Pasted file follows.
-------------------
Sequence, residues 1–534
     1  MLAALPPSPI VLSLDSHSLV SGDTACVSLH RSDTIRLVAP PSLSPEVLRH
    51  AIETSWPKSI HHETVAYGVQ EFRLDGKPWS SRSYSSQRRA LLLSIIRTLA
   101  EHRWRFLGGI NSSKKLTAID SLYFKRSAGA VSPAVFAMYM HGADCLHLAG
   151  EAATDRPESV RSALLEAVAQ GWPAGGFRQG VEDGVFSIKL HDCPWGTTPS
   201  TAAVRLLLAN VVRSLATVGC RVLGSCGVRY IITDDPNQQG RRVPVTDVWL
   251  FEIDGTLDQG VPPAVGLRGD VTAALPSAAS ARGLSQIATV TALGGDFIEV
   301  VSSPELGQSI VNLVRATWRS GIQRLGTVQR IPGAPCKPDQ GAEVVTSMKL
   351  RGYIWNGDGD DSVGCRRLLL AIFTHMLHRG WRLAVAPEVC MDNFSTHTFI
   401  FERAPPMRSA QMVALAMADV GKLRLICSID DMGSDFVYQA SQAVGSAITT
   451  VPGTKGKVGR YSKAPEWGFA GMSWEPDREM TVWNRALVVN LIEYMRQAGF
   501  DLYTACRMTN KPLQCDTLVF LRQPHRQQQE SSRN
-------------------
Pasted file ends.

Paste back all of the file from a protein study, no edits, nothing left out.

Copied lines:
Sequence, residues 1–534
     1  MLAALPPSPI VLSLDSHSLV SGDTACVSLH RSDTIRLVAP PSLSPEVLRH
    51  AIETSWPKSI HHETVAYGVQ EFRLDGKPWS SRSYSSQRRA LLLSIIRTLA
   101  EHRWRFLGGI NSSKKLTAID SLYFKRSAGA VSPAVFAMYM HGADCLHLAG
   151  EAATDRPESV RSALLEAVAQ GWPAGGFRQG VEDGVFSIKL HDCPWGTTPS
   201  TAAVRLLLAN VVRSLATVGC RVLGSCGVRY IITDDPNQQG RRVPVTDVWL
   251  FEIDGTLDQG VPPAVGLRGD VTAALPSAAS ARGLSQIATV TALGGDFIEV
   301  VSSPELGQSI VNLVRATWRS GIQRLGTVQR IPGAPCKPDQ GAEVVTSMKL
   351  RGYIWNGDGD DSVGCRRLLL AIFTHMLHRG WRLAVAPEVC MDNFSTHTFI
   401  FERAPPMRSA QMVALAMADV GKLRLICSID DMGSDFVYQA SQAVGSAITT
   451  VPGTKGKVGR YSKAPEWGFA GMSWEPDREM TVWNRALVVN LIEYMRQAGF
   501  DLYTACRMTN KPLQCDTLVF LRQPHRQQQE SSRN